"JUST A HOUSEWIFE" The Rise and Fall of Domesticity in America By Glenna Matthews Oxford. 281 pp. $19.95

THIS HOUSEHOLD Gibbon documents the rise and fall of the domestic empire. As all such books must, it explores two opposed themes. The presence of the second -- decline -- is unremarkable. The story of the entrapment of the woman by her housewifely duties, and by the culture of consumption, should be familiar to anyone who has followed the feminist polemic of the last 15, post-Friedan years. Women's rejection of their home-keeping roles, and their sortie into the marketplace, are historical facts -- more than half of American women now work outside the home. Few would argue that the cult of domesticity -- of the aproned little woman, waiting for her bread-winner -- is not something of the past, indeed, for most young women today, something of the ancient past. Of course, some would have women return to the kitchen, but the very vociferousness of advocates such as Phyllis Schlafly only underscores the magnitude of the change that has taken place.

But the by-now familiar picture of the decline of domesticity has a pendant that is less familiar, and it is the intriguing story of the ascendancy of the housewife in the American home that sets Glenna Matthews' original book apart. For it is her thesis that "while American women were relegated to a separate domestic sphere in 1850, it was a sphere that was central to the culture." She thus rejects the facile argument that women were simply trapped in their domestic roles, and suggests a more complex relationship between the home, the housewife, and society.

According to the author, the cult of the home that grew up during the first half of the 19th century was fueled by numerous sources. Religion emphasized the role of the family in the nurturing of children. Politics saw the home as the indispensable locale -- a moral beacon -- for the development of civic virtue among the citizens of what was still a new republic. In this spread-out and sparsely populated country, whose public institutions were not yet fully rooted, it was the little house on the prairie that became "a mainstay of the national culture." The moral authority of the housewife was also based on the material improvements that had taken place in the home. Matthews shows how American cuisine, for example, evolved considerably from the colonial period, and how, as diets became more varied, cooking and food preparation became more elaborate. This required more and better equipment -- she cites a Philadelphia hardware store that offered its customers 250 different kitchen tools -- but it also required a new expertise on the part of the housewife.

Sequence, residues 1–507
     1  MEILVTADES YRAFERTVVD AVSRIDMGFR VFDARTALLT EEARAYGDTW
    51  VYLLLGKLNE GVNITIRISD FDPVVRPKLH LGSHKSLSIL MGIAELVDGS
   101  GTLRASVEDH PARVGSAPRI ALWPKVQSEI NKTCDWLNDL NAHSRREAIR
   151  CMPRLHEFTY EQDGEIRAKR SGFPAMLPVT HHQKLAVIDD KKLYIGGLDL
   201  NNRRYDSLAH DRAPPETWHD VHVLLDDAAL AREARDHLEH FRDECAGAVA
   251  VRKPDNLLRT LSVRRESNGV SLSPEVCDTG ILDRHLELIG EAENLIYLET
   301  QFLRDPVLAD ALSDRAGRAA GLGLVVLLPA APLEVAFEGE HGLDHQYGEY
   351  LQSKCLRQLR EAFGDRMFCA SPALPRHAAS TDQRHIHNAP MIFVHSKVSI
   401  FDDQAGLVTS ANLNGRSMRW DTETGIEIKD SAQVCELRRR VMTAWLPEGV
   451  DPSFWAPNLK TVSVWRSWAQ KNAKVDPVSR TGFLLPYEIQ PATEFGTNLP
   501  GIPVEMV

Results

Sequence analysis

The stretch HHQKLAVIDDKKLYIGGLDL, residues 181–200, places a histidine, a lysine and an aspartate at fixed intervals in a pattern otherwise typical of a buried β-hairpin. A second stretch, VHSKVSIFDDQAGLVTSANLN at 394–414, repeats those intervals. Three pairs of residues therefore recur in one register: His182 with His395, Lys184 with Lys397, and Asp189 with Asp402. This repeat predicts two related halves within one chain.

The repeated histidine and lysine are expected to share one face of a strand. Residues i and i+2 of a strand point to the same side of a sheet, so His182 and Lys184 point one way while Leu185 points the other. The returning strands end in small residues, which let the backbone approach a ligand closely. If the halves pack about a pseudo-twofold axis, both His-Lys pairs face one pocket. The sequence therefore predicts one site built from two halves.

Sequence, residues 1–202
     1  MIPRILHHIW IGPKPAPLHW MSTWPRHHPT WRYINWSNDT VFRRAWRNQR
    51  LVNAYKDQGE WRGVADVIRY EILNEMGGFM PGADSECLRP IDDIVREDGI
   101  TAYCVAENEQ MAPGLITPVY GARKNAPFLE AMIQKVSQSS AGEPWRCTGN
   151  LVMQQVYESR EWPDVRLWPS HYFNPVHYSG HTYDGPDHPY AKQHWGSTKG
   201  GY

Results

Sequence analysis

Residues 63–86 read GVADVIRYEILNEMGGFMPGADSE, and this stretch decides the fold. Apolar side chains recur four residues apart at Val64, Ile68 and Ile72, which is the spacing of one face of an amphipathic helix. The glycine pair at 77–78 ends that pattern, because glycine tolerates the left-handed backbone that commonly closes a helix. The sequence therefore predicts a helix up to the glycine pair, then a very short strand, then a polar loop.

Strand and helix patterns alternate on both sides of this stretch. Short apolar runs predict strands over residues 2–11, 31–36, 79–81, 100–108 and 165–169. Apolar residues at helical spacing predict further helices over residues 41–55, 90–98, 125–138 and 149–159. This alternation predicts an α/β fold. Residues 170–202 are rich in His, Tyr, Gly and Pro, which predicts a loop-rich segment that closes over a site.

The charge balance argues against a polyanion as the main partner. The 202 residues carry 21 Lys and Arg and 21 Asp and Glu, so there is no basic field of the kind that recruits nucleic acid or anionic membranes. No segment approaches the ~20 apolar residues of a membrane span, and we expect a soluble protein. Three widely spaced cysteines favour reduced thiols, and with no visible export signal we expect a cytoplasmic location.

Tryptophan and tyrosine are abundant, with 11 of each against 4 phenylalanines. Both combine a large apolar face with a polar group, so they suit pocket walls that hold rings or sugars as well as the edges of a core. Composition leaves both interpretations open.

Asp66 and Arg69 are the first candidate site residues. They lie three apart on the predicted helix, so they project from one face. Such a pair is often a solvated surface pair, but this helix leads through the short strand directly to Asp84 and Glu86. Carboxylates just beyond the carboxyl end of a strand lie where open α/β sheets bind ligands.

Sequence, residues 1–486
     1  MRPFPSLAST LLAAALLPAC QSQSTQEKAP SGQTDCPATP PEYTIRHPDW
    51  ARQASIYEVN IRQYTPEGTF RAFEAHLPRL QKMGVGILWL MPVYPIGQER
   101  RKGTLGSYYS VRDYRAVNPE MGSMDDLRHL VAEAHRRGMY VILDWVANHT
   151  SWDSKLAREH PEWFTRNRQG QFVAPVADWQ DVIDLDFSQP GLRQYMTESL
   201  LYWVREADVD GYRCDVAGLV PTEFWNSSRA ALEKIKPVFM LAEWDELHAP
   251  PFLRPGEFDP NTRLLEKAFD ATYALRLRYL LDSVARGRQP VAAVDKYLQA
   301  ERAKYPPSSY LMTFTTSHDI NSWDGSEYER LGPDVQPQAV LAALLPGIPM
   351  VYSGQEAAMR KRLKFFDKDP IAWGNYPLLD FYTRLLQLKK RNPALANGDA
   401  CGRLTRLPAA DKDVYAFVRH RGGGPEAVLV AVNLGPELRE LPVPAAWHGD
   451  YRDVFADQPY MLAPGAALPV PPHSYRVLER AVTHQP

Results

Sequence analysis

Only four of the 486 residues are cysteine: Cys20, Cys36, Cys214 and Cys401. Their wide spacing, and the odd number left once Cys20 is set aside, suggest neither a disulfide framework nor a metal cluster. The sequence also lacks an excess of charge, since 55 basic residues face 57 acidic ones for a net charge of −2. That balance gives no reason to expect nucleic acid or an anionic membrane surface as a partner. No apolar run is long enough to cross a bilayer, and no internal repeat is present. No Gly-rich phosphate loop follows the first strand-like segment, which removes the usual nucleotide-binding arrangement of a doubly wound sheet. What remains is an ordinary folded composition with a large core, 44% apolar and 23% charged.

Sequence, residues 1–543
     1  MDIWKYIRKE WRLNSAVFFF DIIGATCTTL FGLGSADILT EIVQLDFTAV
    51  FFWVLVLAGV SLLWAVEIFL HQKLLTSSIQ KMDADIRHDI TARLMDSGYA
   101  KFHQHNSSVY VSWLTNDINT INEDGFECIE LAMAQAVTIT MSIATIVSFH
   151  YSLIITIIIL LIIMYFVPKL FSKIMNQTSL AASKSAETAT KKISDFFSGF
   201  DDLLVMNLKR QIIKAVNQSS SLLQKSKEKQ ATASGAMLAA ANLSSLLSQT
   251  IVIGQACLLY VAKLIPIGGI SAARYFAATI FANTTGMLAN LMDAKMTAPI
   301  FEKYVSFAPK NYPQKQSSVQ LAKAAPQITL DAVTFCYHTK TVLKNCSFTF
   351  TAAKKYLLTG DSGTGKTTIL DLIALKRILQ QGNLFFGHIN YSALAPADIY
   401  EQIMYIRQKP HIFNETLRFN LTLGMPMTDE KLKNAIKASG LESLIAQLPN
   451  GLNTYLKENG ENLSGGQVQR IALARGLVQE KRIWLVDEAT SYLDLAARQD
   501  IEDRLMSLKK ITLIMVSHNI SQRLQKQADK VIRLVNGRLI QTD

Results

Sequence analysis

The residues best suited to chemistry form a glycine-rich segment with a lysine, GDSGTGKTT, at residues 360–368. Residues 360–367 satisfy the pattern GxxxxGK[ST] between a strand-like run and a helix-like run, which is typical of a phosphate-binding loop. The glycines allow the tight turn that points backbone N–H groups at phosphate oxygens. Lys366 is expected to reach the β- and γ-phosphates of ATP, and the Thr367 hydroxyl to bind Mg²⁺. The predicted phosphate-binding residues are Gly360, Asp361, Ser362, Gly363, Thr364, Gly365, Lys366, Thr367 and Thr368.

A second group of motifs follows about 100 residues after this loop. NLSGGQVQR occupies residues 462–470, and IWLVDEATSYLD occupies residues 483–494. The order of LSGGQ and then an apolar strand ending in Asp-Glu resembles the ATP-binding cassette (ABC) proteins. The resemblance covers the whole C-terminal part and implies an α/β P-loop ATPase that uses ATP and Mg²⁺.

COOKERY, BAKING, preserving, sewing, needlework and the management of increasingly intricate houses demanded great skill, and it is one of the author's useful insights that she demonstrates how this "feminine craft tradition" not only contributed to women's authoritative position in the home, but also to their sense of self-importance. During the early 1900s, this craft tradition came under attack. In "Just A Housewife," the home economics movement comes in for a fair amount of criticism as one of the culprits. The home economists, "in order to establish their own profession as worthy . . . needed to denigrate the quality of housewifely competence." They were assisted in this by the rapid development of domestic technology, commercial food processing and the rise of industrialization, which all tended to undermine traditional domestic skills. At this point, it all begins to sound a little too much like a plot, as the author indulges in some fashionable bashing of business and consumerism. But plot or not, the home was fast losing its central position in American life. The automobile, and the movie house, had shifted the focus away from the home, especially for adolescents. The business of America was becoming business. The golden age of domesticity was over.

Glenna Matthews' purpose is to remind us that housewifery has a past -- an honorable past -- and that modern feminism, with which she is obviously in sympathy, needs to understand this history. In the preface, Matthews, who after raising a family returned to Stanford to acquire a doctorate, writes that "I think of my graduate school career as having provided intellectual capital upon which I will be able to draw for the rest of my life." Indeed, my only criticism is that, occasionally, self-conscious scholarship and the citing of secondary sources weigh down "Just A Housewife." But if the author has spent a little too much time in the library, she has also obviously spent time in the country -- in the home -- and her experience and good common sense enliven, and enrich, this valuable study. One looks forward to her next book.

Witold Rybczynski is the author of the recently-published "Home: A Short History of an Idea."